The US and Russia have called for a peace conference next month to resolve the ongoing fighting Syria.
US Secretary of State John Kerry and Russian Foreign Minister Sergei Lavrov said they wanted the United Nations to organize the conference in the second week of November.
The pair met at the Asia-Pacific summit, taking place in Bali, Indonesia, where they had agreed on the creation of nuclear risk reduction centers in Washington and Moscow.
“We will urge a date to be set as soon as possible,” Kerry told reporters - at a joint news conference his Russian counterpart.
Over 110,000 people have been killed during over two years of intractable fighting between the regime of Bashar Al Assad and rebels. Assad himself has previously said that "neither side can overcome the other," and is apparently warming to the idea of an international resolution to his country's crisis.
The talks would be called Geneva II, and would follow on from failed talks held in July 2012 in the Swiss city calling for the establishment of transitional government in Syria.
Britain, China, France, Russia and the United States - the five permanent members of the U.N. Security Council - are expected to be involved in the talks Syria, and are open to other key countries taking part as well.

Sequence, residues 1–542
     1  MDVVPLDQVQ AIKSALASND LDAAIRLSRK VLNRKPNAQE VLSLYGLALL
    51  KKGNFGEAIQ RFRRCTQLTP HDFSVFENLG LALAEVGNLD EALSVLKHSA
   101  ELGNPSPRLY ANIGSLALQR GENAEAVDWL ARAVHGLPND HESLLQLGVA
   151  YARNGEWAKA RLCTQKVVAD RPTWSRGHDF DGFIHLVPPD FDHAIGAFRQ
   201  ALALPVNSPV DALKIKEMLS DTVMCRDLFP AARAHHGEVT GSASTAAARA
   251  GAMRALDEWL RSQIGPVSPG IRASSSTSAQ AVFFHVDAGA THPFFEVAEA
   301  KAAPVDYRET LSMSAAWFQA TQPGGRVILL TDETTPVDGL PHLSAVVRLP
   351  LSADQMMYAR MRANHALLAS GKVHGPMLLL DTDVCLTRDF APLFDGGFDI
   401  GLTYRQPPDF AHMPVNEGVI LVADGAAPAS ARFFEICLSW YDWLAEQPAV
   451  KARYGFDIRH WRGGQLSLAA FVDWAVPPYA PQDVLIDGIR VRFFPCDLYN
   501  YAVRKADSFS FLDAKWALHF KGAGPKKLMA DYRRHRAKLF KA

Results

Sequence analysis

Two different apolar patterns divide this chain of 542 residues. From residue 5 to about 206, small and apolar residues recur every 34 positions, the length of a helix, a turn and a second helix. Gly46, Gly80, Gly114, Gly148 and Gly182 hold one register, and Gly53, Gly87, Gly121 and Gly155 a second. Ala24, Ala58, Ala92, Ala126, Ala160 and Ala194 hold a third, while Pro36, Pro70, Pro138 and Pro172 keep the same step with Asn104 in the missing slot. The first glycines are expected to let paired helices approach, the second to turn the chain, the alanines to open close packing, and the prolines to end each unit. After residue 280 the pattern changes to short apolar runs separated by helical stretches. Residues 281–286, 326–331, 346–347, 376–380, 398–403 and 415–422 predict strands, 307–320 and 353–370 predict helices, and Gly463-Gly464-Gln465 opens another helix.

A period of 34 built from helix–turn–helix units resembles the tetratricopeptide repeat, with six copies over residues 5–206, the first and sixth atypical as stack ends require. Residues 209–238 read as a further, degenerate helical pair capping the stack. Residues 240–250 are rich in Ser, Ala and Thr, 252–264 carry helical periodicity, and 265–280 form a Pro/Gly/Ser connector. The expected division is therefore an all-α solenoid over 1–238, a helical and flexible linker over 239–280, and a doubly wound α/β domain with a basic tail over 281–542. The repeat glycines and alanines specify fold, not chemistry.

Kerry and Lavrov worked closely together to produce an agreement on Syria's chemical weapon disarmament. Weapons experts have already begun the work of confiscating Syria's estimated 1,000 tons of poisonous gases and crude materials.
The Security Council stated last month its firm belief that the Syrian military was behind a sarin gas attack on a Damascus suburb that killed hundreds of civilians.
Kerry had encouraging words for the start to the disarmament process, telling the press conference he was "pleased" with the start it had made. 20 inspectors arrived last week to enforce the country's commitment to the destruction of its chemical weapons arsenal.
According to the UN Security Council resolution, passed on September 27, Syria’s chemical weapons mixing and production facilities must be dismantled by November 1, with the regime’s chemical arsenal destroyed by mid-2014.